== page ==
You sit down to eat your plate piled high with turkey, gravy, green beans, and more. Yet when you chew, you notice an uncomfortable sensation: Your jaw keeps clicking. No one else seems to hear or notice it, but you find it annoying. By the end of the night, your jaw slightly aches. Could you be one of the many people suffering from TMJ disorder?
What Is TMJ Disorder?
You may already have heard about TMJ disorder, at least in passing. Everyone has a TMJ, which is the joint at the hinge of your jaw. When the TMJ functions normally, it enables your lower jaw to move up and down and from side to side.
Patients diagnosed with TMJ disorder have trouble making their jaws move comfortably and consistently. Some of the more common symptoms of TMJ disorder include clicking of the jaw joint when chewing or speaking, pain at the jaw joint site, jaws that lock temporarily in an open position, and pain that radiates from the jaw joint into the head, neck, or even shoulders.
How is TMJ Disorder Diagnosed?
Your dentist can help you figure out if you might have TMJ disorder, especially if you have recently noticed an uptick in red flags. Not all dental professionals focus on disorders of the TMJ, so be sure to ask before making any appointments with a new dentist.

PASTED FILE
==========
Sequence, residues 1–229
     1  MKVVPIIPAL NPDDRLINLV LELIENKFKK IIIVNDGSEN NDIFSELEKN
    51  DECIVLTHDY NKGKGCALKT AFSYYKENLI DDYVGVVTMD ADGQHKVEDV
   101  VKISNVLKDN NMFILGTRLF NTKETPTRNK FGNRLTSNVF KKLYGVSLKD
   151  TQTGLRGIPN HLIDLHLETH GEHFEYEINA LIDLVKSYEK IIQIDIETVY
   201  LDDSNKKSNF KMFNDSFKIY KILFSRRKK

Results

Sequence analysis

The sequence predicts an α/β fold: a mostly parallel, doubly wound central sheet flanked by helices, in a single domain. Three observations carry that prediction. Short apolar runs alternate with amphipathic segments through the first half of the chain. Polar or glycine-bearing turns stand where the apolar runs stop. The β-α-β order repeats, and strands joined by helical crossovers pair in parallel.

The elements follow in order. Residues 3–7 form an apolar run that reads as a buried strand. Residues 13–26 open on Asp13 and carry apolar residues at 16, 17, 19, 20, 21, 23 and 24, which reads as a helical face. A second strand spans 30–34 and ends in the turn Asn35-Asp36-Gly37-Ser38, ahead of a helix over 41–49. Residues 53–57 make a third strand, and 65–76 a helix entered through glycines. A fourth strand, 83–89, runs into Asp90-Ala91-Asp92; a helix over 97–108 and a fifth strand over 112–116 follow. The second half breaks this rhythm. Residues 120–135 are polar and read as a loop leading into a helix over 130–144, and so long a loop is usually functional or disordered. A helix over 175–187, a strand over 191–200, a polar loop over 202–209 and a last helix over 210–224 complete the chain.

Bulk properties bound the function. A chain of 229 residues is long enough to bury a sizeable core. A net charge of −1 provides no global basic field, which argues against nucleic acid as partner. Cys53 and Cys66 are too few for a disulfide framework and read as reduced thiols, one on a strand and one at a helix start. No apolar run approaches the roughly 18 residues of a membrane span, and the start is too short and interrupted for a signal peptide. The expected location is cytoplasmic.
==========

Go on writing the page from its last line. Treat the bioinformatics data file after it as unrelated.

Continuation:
No one test determines if a patient has TMJ disorder. Nevertheless, trained dentists can evaluate and analyze all your signs to figure out if you are probably experiencing this common condition. If you are, you have several options for treatment.
Possible Treatments for TMJ Disorder
Jaw therapy can help reduce the everyday problems associated with TMJ disorder. Therapies can include the creation of night guards to keep your jaw in a neutral position while you are asleep. Night guards have the secondary benefit of stopping you from grinding your teeth, which can be an offshoot habit for people with TMJ disorder.
Another therapy can involve having you undergo regular facial and muscular exercises to strengthen the soft tissues around the jaw joint. You might also be asked to apply hot or cold compresses to your jaw joint routinely to lessen swelling.
If necessary, your dentist may suggest that you consider surgical intervention. Surgeries for TMJ disorder can readjust the jaw and enable it to work properly. Be sure to talk to our office about all your TMJ disorder treatment choices so you can avoid dealing with jaw clicking and sticking at future meals and gatherings by scheduling a consultation today!